ERYTHROPOIESISThe term erythropoiesis (erythro = RBC, and poiesis = to make) is used to describe the process of RBC formation or production. In humans, erythropoiesis occurs almost exclusively in the red bone marrow. (The yellow bone marrow is primarily composed of fat, but, in response to a greater need for RBC production, the yellow bone marrow can turn to red marrow.) The red bone marrow of essentially all bones produces RBCs from birth to about five years of age. Between the ages of 5 to 20, the long bones slowly lose their ability to produce RBCs. Above age 20, most RBCs are produced primarily in the marrow of the vertebrae, the sternum, the ribs, and the pelvis. Let's examine how RBCs are produced and, ultimately, how they are destroyed.
The organ responsible for "turning on the faucet" of RBC production is the kidney (Figure 4). The kidneys can detect low levels of oxygen in the blood. When this happens, the kidneys respond by releasing a hormone called erythropoietin, which then travels to the red bone marrow to stimulate the marrow to begin RBC production.
Now, once the erythropoietin stimulates the red bone marrow to begin manufacturing RBCs, a series of events occurs. In the bone marrow there are many special stem cells from which RBCs can be formed. As these cells mature, they extrude their nucleus as they slowly fill with hemoglobin until they are bright red reticulocytes ready to escape the bone marrow and squeeze into the blood capillaries to begin circulating around the body. In a blood sample, the reticulocytes can be distinguished from RBCs because they still contain some speckles or pieces of their nucleus. Within a few days, this reticulocyte completely loses all its nuclear material and becomes a full-fledged RBC that is ready to serve the oxygen needs of the body. After about three to four months, the RBC has worked so hard that it begins to weaken. The membranes of old RBCs become very fragile and the cells may rupture during passage through some tight spots in the circulation. These old and damaged RBCs are "eaten" primarily by the spleen, and most of the leftover components (especially the iron from the hemoglobin) are recycled to form new RBCs.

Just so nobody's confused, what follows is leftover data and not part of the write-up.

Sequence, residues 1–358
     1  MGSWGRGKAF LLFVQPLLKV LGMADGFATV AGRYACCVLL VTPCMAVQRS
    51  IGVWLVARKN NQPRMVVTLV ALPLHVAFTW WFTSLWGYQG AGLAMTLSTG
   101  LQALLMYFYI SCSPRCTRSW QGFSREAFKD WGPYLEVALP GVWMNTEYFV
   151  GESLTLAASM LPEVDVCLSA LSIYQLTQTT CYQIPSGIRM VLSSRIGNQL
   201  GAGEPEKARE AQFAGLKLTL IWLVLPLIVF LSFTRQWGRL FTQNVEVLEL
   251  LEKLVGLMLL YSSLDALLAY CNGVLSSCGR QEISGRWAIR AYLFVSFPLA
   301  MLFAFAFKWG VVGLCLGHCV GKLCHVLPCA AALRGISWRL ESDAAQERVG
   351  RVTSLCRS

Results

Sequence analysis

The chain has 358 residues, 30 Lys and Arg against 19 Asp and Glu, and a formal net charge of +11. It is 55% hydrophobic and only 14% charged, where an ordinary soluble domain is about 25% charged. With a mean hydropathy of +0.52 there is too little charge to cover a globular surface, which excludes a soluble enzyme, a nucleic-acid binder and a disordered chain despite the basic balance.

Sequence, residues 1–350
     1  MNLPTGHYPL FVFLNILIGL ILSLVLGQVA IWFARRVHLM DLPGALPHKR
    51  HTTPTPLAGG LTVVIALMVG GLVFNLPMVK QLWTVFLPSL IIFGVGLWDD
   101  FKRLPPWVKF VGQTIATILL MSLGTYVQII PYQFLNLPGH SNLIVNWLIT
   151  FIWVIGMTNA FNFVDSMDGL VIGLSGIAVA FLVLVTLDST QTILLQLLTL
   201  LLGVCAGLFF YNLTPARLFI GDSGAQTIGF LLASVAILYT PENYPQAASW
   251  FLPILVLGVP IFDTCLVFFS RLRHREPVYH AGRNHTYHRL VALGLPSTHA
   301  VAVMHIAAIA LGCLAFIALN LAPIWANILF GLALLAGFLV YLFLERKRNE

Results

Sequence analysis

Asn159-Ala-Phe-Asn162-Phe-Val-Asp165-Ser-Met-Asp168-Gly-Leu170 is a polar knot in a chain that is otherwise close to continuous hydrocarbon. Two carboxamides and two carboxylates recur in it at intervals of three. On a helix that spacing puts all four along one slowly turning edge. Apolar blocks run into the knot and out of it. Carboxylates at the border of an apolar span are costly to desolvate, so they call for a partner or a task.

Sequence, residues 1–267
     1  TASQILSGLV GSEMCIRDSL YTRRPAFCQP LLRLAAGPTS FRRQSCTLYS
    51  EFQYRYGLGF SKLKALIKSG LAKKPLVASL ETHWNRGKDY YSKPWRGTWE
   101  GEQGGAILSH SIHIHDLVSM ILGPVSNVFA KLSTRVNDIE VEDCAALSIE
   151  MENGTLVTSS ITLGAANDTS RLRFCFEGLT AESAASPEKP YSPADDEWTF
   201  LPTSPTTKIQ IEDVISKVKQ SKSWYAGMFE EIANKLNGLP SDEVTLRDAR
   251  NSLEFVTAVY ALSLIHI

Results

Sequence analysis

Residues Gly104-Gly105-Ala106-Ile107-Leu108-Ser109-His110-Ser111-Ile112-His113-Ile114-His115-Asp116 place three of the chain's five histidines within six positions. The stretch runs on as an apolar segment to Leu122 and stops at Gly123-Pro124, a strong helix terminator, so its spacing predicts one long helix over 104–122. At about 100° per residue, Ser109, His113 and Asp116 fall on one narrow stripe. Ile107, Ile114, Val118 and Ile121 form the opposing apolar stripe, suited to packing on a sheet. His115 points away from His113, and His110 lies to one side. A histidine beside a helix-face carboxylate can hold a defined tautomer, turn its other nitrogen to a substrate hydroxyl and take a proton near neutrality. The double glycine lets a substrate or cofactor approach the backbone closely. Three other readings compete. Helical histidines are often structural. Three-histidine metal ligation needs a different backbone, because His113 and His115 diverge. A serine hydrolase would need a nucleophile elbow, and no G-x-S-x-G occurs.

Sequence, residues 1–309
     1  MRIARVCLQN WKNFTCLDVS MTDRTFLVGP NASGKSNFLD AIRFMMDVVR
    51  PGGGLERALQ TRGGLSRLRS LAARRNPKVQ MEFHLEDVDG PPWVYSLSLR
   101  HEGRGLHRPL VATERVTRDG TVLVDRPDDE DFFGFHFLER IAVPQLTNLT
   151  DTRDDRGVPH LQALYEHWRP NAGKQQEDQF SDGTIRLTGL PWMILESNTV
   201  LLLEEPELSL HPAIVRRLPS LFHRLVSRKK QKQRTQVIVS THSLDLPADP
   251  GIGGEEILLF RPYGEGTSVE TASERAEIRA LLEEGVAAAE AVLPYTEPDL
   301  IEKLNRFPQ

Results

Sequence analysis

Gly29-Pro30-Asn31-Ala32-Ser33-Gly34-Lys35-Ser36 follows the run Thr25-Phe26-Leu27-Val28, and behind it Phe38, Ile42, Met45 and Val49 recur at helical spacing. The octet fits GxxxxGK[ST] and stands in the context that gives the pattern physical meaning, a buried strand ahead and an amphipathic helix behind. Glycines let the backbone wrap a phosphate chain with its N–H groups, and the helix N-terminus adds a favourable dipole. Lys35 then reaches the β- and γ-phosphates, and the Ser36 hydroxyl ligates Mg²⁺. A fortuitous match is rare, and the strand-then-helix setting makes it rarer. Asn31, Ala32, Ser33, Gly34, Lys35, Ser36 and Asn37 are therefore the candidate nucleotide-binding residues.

The production of new RBCs occurs as the need arises. A natural need always exists to produce new RBCs to replace the ones that have gotten old, or have been damaged, and have "died." Old RBCs die every day in our bodies and more new ones are also born every day. The body can also increase production of RBCs in response to special needs. As mentioned previously, new RBCs must be produced when a person enters a high altitude environment. At very high altitudes, where the quantity of oxygen in the air is greatly decreased, insufficient oxygen is transported to the tissues, and red cells are produced so rapidly that their number in the blood is considerably increased. Therefore, it is obvious that it is not the concentration of RBC's that controls the rate of red cell production, but instead, it is the functional ability of the RBCs to transport oxygen to the tissues in response to the tissue demand for oxygen that controls the rate of RBC production. In other words, it's just like the economic concept of "supply and demand." If the supply of oxygen is LESS than what the body demands, the MORE RBCs are produced. If the supply of oxygen is MORE than what the body demands, the FEWER RBCs are produced. This wonderful negative feedback mechanism works fine on Earth. How about in space?